NetSurfP-2.0: Improved prediction of protein structural features by integrated deep learning.
Klausen, M. S., Jespersen, M. C., Nielsen, H., Jensen, K. K., Jurtz, V. I., Sonderby, C. K., Sommer, M. O. A., Winther, O., Nielsen, M., Petersen, B. and Marcatili, P.
Novo Nordisk Foundation Center for Biosustainability, Technical University of Denmark, Kongens Lyngby, Denmark.
Department of Bio and Health Informatics, Technical University of Denmark, Kongens Lyngby, Denmark.
The Bioinformatics Centre, Department of Biology, University of Copenhagen, Copenhagen, Denmark.
Department of Applied Mathematics and Computer Science, Technical University of Denmark, Kongens Lyngby, Denmark.
Instituto de Investigaciones Biotecnologicas, Universidad Nacional de San Martin, Buenos Aires, Argentina.
Faculty of Applied Sciences, Centre of Excellence for Omics-Driven Computational Biodiscovery (COMBio), AIMST University, Kedah, Malaysia.
The ability to predict local structural features of a protein from the primary sequence is of paramount importance for unraveling its function in absence of experimental structural information. Two main factors affect the utility of potential prediction tools: their accuracy must enable extraction of reliable structural information on the proteins of interest, and their runtime must be low to keep pace with sequencing data being generated at a constantly increasing speed. Here, we present NetSurfP-2.0, a novel tool that can predict the most important local structural features with unprecedented accuracy and runtime. NetSurfP-2.0 is sequence-based and uses an architecture composed of convolutional and long short-term memory neural networks trained on solved protein structures. Using a single integrated model, NetSurfP-2.0 predicts solvent accessibility, secondary structure, structural disorder, and backbone dihedral angles for each residue of the input sequences. We assessed the accuracy of NetSurfP-2.0 on several independent test datasets and found it to consistently produce state-of-the-art predictions for each of its output features. We observe a correlation of 80% between predictions and experimental data for solvent accessibility, and a precision of 85% on secondary structure 3-class predictions. In addition to improved accuracy, the processing time has been optimized to allow predicting more than 1000 proteins in less than 2 hours, and complete proteomes in less than 1 day.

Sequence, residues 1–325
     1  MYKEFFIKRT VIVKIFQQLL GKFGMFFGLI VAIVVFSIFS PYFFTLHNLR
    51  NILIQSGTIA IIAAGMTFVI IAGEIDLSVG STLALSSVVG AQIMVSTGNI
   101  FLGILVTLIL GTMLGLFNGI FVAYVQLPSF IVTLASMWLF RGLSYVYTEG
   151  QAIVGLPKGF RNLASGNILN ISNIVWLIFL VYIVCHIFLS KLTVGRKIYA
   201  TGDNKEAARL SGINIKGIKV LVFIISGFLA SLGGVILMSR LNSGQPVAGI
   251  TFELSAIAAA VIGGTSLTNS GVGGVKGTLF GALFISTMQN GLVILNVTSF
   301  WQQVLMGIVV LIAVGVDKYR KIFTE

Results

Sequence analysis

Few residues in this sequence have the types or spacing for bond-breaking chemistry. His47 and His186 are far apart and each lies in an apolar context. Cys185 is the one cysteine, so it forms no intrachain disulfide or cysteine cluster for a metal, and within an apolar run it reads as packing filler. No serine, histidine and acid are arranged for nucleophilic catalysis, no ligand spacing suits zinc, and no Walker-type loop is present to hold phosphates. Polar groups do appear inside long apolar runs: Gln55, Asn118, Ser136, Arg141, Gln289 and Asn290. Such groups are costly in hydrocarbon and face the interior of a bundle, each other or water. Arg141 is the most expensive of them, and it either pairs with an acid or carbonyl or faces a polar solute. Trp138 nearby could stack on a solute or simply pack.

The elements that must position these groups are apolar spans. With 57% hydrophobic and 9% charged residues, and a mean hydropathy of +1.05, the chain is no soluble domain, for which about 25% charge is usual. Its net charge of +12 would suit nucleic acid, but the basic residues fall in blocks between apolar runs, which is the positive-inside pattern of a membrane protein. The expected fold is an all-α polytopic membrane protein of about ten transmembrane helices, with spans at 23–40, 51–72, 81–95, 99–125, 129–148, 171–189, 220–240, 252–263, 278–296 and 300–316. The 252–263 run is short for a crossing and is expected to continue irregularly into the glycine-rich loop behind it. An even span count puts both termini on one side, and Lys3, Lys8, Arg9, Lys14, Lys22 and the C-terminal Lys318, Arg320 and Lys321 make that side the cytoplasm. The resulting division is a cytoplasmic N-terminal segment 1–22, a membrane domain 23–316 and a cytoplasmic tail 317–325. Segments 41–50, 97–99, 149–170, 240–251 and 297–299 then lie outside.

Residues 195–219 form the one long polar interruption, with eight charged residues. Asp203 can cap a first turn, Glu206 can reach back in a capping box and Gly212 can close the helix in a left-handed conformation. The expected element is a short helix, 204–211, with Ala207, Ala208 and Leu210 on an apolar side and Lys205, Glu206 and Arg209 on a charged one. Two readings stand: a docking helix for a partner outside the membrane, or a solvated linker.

Proteins 87(6): 520-527 (2019)